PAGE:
Low-frequency combustion dynamics of a prefilming airblast injector were experimentally investigated in a laboratory-scale aero-engine gas turbine combustor operated with Jet A-1 fuel and air under idle/sub-idle conditions. Our measurements reveal that multiple modes – ranging from 45 to 292 Hz – can be excited in the non-premixed combustion system, including the Helmholtz, longitudinal, and hydrodynamic instabilities. The system’s propensity for mode selection depends strongly on combustor length and pilot equivalence ratio. A strong Helmholtz mode with a peak-to-peak amplitude of ~ 14 kPa occurs, provided that the combustor length is relatively short and the pilot equivalence ratio is high. A high-amplitude, intermittent burst at approximately 12 Hz always develops when the system is on the verge of transition to the Helmholtz instability. With a longer combustor length, on the other hand, the system transitions to the ¾-wave longitudinal mode via a discontinuous mode-hopping process. The system undergoes well-defined, limit cycle oscillations with an extremely large pressure amplitude of ~ 30 kPa, but the global $OH^*$ fluctuation amplitude is limited to merely 8.3%. Phase-resolved flame imaging measurements demonstrate that a ring-like partially-premixed flame emerges periodically in the dump region, when the non-premixed flame wrapping around the central recirculation zone is lifted off the fuel nozzle. The mutual interaction between the partially-premixed and non-premixed reaction zones is the dominant mechanism for intense sound generation. Under certain conditions, superposition of the Helmholtz and longitudinal modes occurs, leading to nonlinear interactions manifested by additional spectral peaks at the sum and difference of the two frequencies. In contrast to the other two cases, this superimposed tone is not characterized by limit cycle behavior, but by a noise-driven unsteadiness.
Nonlinear mode transition processes are presented using several analysis methods, including Fourier/Hilbert transforms, phase portraits, spectrograms, low-order analytic modeling, and high-speed flame visualization methods. Our results demonstrate that a non-premixed Jet A-1 spray flame yields an intermediate-amplitude, quasi-periodic L1 mode oscillation at 50 Hz for a low pilot equivalence ratio, and the frequency gradually increases with increasing fuel flowrates. Subsequent to a critical point (103 Hz), the system undergoes a discontinuous mode transition, giving rise to the formation of an extremely large pressure oscillation with an L2 mode structure at 244 Hz. Several key triggers were found to induce the mode shift: (i) generation of a high-intensity pulse in the flame’s heat release rate due to the spontaneous ignition of unburned reactant mixtures, (ii) emergence of a large-scale vortical structure and its interaction with a partially premixed flame front, and (iii) development of self-sustained limit cycle oscillations driven by periodic convection of a hot spot –a mechanism known as entropy wave propagation. Our study identifies the occurrence of a large-amplitude peak followed by a local minimum intensity, analogous to the activation energy concept, as an essential step for entry into a new state with large-amplitude limit cycle oscillations.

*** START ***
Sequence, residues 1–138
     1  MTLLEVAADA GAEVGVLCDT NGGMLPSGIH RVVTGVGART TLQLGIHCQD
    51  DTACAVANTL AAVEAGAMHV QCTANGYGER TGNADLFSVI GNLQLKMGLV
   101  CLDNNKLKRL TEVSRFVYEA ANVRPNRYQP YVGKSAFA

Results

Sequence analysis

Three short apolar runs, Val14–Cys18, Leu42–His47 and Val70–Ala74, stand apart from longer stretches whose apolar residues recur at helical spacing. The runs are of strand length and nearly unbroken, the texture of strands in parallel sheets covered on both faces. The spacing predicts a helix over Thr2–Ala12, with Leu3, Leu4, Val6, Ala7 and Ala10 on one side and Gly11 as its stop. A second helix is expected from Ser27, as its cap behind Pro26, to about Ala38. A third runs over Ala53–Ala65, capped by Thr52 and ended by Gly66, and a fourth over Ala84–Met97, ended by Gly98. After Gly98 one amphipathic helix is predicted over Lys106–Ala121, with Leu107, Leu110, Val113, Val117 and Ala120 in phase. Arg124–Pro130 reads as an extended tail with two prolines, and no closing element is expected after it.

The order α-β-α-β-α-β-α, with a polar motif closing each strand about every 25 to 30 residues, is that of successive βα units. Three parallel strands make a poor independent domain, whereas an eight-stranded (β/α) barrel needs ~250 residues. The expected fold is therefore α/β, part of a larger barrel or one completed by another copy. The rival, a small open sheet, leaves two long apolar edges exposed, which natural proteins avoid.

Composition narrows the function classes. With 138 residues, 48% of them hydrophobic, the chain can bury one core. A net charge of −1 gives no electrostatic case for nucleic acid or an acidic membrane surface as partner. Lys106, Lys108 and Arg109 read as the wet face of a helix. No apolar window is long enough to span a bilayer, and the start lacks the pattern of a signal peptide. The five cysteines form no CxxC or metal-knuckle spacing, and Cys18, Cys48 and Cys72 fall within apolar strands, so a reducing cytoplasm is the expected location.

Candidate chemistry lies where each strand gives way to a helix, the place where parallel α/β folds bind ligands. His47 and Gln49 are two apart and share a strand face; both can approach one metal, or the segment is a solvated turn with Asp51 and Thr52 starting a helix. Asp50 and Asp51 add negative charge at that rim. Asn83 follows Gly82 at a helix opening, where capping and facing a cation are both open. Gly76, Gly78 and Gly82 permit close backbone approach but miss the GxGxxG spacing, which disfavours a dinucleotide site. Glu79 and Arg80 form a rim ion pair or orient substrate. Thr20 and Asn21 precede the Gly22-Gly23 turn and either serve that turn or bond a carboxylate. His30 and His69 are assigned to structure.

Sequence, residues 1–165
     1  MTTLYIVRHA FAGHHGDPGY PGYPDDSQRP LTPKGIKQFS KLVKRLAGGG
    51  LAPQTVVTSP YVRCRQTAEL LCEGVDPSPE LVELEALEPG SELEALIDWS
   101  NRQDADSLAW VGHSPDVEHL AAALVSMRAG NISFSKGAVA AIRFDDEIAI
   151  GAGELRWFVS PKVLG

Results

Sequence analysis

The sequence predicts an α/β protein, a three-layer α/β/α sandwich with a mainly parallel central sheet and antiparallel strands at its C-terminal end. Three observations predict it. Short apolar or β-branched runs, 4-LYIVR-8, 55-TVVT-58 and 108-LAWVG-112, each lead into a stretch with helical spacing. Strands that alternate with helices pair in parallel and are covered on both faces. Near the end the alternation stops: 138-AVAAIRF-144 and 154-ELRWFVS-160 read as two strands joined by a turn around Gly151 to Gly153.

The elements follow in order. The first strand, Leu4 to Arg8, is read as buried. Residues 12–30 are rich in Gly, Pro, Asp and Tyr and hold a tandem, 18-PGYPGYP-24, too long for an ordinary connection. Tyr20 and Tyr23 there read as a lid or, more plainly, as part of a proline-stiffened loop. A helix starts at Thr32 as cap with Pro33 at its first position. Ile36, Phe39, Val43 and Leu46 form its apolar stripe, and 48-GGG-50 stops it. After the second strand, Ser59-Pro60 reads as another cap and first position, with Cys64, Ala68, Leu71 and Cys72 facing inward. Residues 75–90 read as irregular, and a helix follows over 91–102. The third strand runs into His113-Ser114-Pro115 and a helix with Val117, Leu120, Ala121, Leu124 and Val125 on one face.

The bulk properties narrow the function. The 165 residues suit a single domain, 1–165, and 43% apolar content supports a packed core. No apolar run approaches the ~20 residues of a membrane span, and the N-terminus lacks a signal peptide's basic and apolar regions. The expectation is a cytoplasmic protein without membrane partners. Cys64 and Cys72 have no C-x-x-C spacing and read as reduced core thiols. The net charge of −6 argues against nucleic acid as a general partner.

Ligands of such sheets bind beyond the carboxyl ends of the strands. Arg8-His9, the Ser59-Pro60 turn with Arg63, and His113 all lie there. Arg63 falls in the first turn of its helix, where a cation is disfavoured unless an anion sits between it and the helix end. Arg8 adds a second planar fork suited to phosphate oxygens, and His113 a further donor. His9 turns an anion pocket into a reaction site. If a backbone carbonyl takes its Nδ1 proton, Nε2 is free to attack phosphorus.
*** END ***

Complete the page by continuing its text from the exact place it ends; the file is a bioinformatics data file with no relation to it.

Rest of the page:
The influences of different pilot air swirler configurations were investigated since low-frequency growl instabilities have shown highly sensitive responses to variation of the pilot equivalence ratio. Two sets of pilot swirling geometries were considered in the experiments: the counter-rotating (CTR) and co-rotating (COR) pilot air swirl flows. Experimental results demonstrate that both cases can be excited to the strong instabilities with ~10% pressure oscillations and the instability frequencies were in a similar range from 40 to 250 Hz. However, it is important to note that the overall behavior on the Rayleigh criterion was significantly different between the two cases. The CTR case showed that a large number of data points with a peak-to-peak pressure amplitude of ~7 kPa violate the Rayleigh criterion. By contrast, most of the data points met the Rayleigh criterion in the COR case. The violation behavior in the CTR case was associated with the unsteady heat release rate with relatively high standard deviations during 10 cycles compared to the COR case. High-speed flame visualization and image post-processing results revealed that the violation behavior in the case of CTR was associated with the three major flame structures, i.e., a flame base, a spiral tail like diffusion flame, and convection of a hot spot in the downstream. From the Rayleigh index, in particular, high destructive interference was observed in the regions of a tail like diffusion flame and a hot spot in the downstream. Thus, it is apparent that flame dynamics in these regions induced the unsteady heat release oscillations responsible for the violation behavior. In the COR case, however, the unsteady flame structures in the downstream responsible for the irregular heat release rate waveforms were manifested by very weak luminous intensities in the case of COR. A periodic flame base movement characterized by high constructive interference was observed, leading to small standard deviations in the heat release rate oscillations. In both cases, constructive interference was observed in the upstream region of the flame base. This indicates that the dominant pressure oscillations are interrelated with the periodic movement of the upstream area of the flame base. In addition, when compared to the CTR case, the COR case showed more sensitive responses to the intermittent bursts during the transition to the Helmholtz instability.